In the News
By Bradley A. SmithIt is often forgotten that until 1974 there were no federal limits on contributions to candidates or political parties, let alone aggregate limits on total contributions. Starting with the Federal Election Campaign Act Amendments of 1974, however, American political discourse has been blanketed with ever-increasing government regulation. By the summer of 2007, political speech was more heavily regulated than at any time in U.S. history. All this was done in the name of preventing “corruption” and fostering “confidence in government.” Yet confidence in government today is lower than it was in 1974, not coincidentally the year President Nixon resigned.In 2007, in Wisconsin Right to Life v. FEC, the Supreme Court declared “enough is enough.” Chief Justice John Roberts and a majority have since been slowly hacking away at this maze of speech regulations.Campaign-finance “reformers” overlook that the First Amendment—protecting the right to unfettered political speech—is the constitutional solution to the problem of government corruption. It is the means by which confidence in government is maintained. People speak. Citizens listen. Corruption and ineptitude are exposed. Voters vote.
By Andy KrollOf course, FFR’s strategy—raising big money, anonymously, and using it to undercut big-money politics—leaves the group vulnerable to charges of hypocrisy. David Keating, the president of the anti-regulation Center for Competitive Politics, says that if FFR and the Democracy Alliance believe in greater transparency and limits on political spending, they should publicize their meetings, the names of their donors, and how much those donors give. “If they really think these ideas of more disclosure and more restrictions on political organizing are good,” Keating says, “they should be using them right now.”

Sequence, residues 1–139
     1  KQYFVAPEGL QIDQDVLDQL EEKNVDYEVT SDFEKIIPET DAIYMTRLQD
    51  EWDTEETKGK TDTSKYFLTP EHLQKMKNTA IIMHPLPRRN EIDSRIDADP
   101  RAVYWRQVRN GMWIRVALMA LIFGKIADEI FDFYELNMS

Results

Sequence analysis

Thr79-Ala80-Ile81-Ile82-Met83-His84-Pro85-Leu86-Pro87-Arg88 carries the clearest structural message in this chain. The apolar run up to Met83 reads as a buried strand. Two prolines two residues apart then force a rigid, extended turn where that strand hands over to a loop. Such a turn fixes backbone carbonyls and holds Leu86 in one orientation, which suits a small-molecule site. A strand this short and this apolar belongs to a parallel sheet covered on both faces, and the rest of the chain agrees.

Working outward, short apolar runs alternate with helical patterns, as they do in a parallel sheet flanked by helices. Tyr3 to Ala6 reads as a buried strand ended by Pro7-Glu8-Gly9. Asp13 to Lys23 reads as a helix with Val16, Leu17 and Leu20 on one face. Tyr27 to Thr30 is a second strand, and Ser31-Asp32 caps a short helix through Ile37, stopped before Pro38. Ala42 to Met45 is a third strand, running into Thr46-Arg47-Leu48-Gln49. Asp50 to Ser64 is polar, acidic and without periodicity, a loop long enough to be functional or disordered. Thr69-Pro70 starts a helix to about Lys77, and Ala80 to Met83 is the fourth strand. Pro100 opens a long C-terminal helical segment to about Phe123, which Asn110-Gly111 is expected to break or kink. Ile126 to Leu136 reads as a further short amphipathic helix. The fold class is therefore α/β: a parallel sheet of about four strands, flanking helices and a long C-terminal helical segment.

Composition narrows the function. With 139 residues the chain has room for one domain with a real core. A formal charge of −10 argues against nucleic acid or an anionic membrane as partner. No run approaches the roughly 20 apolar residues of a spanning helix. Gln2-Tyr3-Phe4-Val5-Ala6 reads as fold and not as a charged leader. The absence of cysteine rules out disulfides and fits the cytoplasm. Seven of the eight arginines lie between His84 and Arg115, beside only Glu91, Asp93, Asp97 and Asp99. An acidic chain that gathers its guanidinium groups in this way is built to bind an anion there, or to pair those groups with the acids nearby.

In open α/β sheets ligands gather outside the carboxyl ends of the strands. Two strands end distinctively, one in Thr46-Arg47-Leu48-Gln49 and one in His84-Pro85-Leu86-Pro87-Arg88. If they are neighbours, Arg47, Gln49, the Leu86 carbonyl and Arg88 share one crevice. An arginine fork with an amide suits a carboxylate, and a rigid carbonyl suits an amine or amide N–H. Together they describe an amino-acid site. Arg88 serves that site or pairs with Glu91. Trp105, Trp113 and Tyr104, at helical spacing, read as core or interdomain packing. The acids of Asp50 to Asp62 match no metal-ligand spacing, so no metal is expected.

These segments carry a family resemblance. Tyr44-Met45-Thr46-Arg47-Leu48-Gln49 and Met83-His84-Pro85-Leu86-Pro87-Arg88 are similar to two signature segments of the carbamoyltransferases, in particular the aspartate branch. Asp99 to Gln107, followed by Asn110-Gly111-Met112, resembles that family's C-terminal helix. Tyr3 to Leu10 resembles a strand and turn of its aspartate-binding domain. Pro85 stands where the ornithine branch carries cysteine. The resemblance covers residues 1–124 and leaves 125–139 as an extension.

Featuring former SEC Chairman Paul Adkins.
Politico: Tea Party Group Details Harassment, Seeks Disclosure Exemption
By Kent CooperThe Tea Party Leadership Fund, a non-connected hybrid political action committee based in Alexandria, Virginia, has requested an advisory opinion from the Federal Election Commission (FEC) stating it is entitled to exemptions from reporting and disclosure requirements of the Federal Election Campaign Act of 1971. The advisory opinion request was made public by the FEC on 9/27.Although it is not a minor party, the group states the Supreme Court “has rejected an ‘unduly narrow view’ of the Buckley test and has refused to limit the ability to obtain exemption from disclosure to minor parties.” The group claims the “Court made exemption available to any organization established for advocacy purposes that could establish a reasonable probability that disclosure would result in threats, harassment, or reprisals from government officials or private parties.”
Lobbying and Ethics
The Hill: Vitter renews demand for Ethics Committee probe of Sens. Reid, Boxer
By Mario TrujilloSen. David Vitter (R-La.) expanded his ethics complaint Thursday in an attempt to pinpoint and punish the Senate Democrats who leaked draft legislation earlier this month in an attempt to embarrass him.Vitter’s call for a second Ethics Committee investigation comes two days after the panel rejected a prior request to investigate Senate Majority Leader Harry Reid (D-Nev.) and Sen. Barbara Boxer (D-Calif.), due to what it said was a lack of evidence.
More Soft Money Hard Law: The FEC and the Path of Reform Proposals